Reliever Paul Fry has emerged as a valuable trade chip for the Orioles.
The left-hander has taken over the role as closer and has become one of the club’s most dependable pitchers out of the bullpen.
“I’m going to try to match up as best as I can, but Paul has definitely worked his way into somebody that could pitch the ninth inning for us,” manager Brandon Hyde said.
Fry is 0-1 with a 1.93 ERA in 24 games (23.1 innings) this season. He has not allowed a run in his past six appearances (7.1 innings). He has given up just three hits with 10 strikeouts and three walks during that stretch. He picked up his second save of the season June 4 against the Cleveland Indians.
Acquired from the Seattle Mariners in exchange for an international signing bonus slot on April 14, 2017, Fry had a chance to learn from veterans like Zack Britton and Darren O’Day as he broke into the big leagues. Though he’s fully aware that his name will inevitably surface during trade talks, Fry is just focused on pitching well.
“Whatever is going to happen is going to happen,” Fry said. “I’m just trying to go out there and do my job every day for the Orioles. What I learned from those guys is just how they carried themselves — the routines that they had, the way they went about their business every day, the way they approached the game in the bullpen from the fifth inning on. That’s when you have to be ready as a late-inning reliever.”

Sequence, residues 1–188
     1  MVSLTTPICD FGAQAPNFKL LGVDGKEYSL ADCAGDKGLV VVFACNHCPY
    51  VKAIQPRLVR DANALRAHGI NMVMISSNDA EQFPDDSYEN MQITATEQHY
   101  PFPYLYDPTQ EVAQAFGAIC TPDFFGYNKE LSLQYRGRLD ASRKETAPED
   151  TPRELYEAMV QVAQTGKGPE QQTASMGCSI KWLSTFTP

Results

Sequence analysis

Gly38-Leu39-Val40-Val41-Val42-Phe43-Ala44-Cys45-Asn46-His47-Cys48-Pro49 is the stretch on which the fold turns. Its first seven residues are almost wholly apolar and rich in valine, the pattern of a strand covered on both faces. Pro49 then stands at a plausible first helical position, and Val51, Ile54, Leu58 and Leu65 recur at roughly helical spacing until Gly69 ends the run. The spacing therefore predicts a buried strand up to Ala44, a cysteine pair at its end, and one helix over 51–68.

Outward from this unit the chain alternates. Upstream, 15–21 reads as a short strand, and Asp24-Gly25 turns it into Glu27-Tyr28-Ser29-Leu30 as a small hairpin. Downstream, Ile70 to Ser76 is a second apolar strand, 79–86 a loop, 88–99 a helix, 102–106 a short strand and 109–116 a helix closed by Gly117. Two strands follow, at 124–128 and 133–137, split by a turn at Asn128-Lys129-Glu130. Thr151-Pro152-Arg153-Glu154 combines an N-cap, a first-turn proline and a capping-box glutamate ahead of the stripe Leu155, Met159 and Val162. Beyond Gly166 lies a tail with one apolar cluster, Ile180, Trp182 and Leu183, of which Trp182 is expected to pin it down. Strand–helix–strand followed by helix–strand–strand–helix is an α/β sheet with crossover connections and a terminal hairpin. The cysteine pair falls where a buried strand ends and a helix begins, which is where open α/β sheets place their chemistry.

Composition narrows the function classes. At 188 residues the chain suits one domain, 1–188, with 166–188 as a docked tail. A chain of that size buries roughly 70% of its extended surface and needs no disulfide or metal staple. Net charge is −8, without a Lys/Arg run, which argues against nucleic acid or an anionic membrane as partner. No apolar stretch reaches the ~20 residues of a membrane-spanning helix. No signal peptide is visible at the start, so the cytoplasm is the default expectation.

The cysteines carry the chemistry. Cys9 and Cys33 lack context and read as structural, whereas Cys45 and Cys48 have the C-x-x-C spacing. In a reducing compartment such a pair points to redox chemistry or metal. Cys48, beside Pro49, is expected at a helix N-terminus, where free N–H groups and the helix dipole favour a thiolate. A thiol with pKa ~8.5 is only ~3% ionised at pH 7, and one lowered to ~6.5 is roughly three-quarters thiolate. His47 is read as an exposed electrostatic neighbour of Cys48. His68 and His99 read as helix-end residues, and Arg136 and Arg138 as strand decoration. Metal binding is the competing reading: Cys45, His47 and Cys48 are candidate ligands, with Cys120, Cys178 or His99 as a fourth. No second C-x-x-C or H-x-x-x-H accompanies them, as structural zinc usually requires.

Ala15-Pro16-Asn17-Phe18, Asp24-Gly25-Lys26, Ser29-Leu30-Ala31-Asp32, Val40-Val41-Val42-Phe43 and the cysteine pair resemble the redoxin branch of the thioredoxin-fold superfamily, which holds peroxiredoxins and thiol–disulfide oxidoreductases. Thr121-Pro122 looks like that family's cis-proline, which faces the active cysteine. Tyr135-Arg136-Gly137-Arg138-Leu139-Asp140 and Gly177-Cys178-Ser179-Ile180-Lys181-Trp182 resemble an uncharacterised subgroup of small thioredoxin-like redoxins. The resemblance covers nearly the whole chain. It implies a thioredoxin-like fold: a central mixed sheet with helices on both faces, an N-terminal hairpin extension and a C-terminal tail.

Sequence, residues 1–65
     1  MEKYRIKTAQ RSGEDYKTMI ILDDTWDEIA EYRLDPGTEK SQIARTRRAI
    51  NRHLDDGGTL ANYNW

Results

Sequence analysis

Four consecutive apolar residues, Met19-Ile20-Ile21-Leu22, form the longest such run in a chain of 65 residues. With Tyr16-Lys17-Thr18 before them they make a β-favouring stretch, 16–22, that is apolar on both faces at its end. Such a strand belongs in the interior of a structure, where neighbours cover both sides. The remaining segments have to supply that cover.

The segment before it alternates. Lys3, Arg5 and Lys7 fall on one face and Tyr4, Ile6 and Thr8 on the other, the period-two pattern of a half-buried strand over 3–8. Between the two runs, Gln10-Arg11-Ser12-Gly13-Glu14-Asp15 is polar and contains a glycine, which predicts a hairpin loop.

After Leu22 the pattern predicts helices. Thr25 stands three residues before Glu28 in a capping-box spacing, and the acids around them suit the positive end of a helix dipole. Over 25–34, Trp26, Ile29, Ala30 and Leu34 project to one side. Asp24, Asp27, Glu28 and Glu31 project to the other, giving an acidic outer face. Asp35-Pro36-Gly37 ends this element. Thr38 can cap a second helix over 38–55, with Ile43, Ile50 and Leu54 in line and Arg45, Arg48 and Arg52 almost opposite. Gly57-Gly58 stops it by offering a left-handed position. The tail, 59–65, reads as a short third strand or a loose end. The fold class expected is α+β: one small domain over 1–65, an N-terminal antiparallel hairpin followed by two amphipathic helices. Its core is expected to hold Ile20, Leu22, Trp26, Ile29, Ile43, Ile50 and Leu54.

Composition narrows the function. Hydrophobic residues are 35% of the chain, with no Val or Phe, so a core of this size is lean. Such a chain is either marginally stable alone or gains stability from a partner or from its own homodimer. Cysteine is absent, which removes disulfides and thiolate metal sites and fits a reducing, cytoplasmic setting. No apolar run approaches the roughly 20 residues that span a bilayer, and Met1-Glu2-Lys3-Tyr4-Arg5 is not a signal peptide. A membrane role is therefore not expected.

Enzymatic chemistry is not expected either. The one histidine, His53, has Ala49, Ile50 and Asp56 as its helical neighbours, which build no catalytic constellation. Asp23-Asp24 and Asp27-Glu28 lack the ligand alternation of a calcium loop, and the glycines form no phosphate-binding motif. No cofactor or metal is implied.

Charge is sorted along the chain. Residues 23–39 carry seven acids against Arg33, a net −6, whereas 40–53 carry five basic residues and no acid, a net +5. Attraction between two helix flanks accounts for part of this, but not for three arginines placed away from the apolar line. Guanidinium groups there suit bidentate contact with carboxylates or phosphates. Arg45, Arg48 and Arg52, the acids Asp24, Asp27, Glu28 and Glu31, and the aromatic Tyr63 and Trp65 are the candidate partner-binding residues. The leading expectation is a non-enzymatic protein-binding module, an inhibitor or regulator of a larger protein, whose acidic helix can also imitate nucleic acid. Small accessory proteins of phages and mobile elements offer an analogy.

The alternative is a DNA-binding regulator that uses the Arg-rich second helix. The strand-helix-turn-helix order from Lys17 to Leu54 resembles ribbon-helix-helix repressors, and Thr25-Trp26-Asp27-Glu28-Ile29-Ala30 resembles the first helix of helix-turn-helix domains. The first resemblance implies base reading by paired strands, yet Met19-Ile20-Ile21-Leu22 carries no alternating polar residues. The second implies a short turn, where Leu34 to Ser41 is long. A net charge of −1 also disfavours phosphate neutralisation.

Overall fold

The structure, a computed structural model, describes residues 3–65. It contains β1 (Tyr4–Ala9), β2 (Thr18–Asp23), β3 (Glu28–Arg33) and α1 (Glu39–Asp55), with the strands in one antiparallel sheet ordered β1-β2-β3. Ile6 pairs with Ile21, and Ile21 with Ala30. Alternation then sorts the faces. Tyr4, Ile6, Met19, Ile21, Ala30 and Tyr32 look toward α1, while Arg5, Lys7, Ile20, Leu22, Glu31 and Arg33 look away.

In 2019, he led the Orioles with 66 appearances, tied for fifth-most among left-handed pitchers in the American League. Fry allowed 11 of 43 inherited runners to score (25.6 percent), the eighth-lowest percentage in the AL. His 43 inherited runners were ninth most in the league.
In last year’s shortened season, he had a career-best 11.86 strikeouts per nine innings. He also struck out at least one batter in a career-high 13-straight games, and opponents hit .089 (4-for-45) with two strikes.
Fry is happy to be contributing to the Orioles’ rebuilding effort.
“It’s a rebuild, but things will turn around soon and we are working hard every day,” Fry said. “I think we are going to hit a turning point soon.”
However, he might be a solution for a contending club with the July 30 trade deadline looming. Fry, who turns 29 in July, has three years of club control remaining.
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